UNITED STATES, WASHINGTON (VOP TODAY NEWS) — The sea and its dangers are still better than Libya, plunged into chaos and conflict by three young Libyan men rescued by SOS Mediterranee and Doctors Without Borders when they were in a rickety boat.
Salah, Khalil and Ibrahim, aged between 19 and 22, sat in one corner of the Ocean Viking, which is still waiting for a harbor where 356 migrants were rescued, some of them only 10 days ago.
The three young men used to sit in a corner of the Big Red Bridge and rarely mingle with other migrants from Sudan, Chad, Eritrea, Senegal and Ivory Coast to escape torture and abuse in Libya, where most of them came to work.
“I didn’t realize the sea was so dangerous. But Libya is collapsing, we can no longer live there,” said 20-year-old Khalil al-Shaheb.
– Fragments in the abdomen.
Khalil was a taxi driver, traveling between Sabha, his city in the south, and the big city of Benghazi in the east, when he was stopped by Field Marshal Khalifa Haftar, the powerful man in eastern Libya.
Khalil, who revealed scars near his lips, says they put him in jail where he spent three months with hundreds of prisoners and was beaten daily.
With about fifteen other prisoners, he escaped under their jailers’ bullets.
“I saw people around me. I don’t know if they survived or not. I was hit by shrapnel,” Khalil said.
The shrapnel was withdrawn by doctor Luke of MSF, who is on board. It was under the skin at a depth of 1.5 cm. “Unfortunately, I was not surprised,” the doctor said. “This is the kind of wound that people have in the conflict zones.”
Khalil, who was injured and deprived of his confiscated car, returned by taxi to Sabha to meet his family. “I just wanted to live a normal life,” he said.
But battles broke out a month later in his city. “It’s better for you to leave,” his mother told him. “I was never aware of the dangers that existed at the crossings,” he said.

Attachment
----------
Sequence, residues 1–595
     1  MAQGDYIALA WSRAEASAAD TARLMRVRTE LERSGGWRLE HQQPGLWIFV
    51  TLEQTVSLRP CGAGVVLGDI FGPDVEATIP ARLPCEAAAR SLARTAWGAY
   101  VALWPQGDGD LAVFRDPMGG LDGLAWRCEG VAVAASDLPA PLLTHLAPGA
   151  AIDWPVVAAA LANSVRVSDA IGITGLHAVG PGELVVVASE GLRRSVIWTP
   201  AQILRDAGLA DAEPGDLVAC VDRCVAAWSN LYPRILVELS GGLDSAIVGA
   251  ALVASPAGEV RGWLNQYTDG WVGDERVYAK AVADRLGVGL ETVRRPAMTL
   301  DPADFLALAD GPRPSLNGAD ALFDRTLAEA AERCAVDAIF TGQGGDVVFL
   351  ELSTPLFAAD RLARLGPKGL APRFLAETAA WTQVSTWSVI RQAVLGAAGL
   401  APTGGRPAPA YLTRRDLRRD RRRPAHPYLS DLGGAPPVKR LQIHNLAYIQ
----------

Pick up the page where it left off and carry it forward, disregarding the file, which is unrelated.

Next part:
“If you stay, you will have to fight or be killed,” says Khalil.
Finally, the amphibious blue ship he boarded with 104 other people was rescued on August 12 as it began sinking into the water.
– One last selfie –
At first, Salah, a handsome 19-year-old, was not opposed to the idea of fighting. But he soon realized that he was not born for war.
“If I stayed, I would have been killed,” he said.
“He gave me a Sudanese phone number, and since I am a Libyan, I left the same day.” Time remained necessary to take a selfie with his family.
Another important reason for Ibrahim to leave his country was his skin color. “My father was black. My uncle died and my uncle was killed in the fighting. My school was bombed, and my mother said, ‘Libya is not yours.'”
“I couldn’t take the university exams. I had Sudanese friends, we were like a family. A friend from Darfur was killed in front of my eyes while we were going to play football,” said the young man, wearing a yellow jacket.
“I don’t want to fight. On the blue ship, I was terrified, but Libya is more dangerous than our ship,” he said.
This article is written and prepared by our foreign editors writing for VOP from different countries around the world – edited and published by VOP staff in our newsroom.
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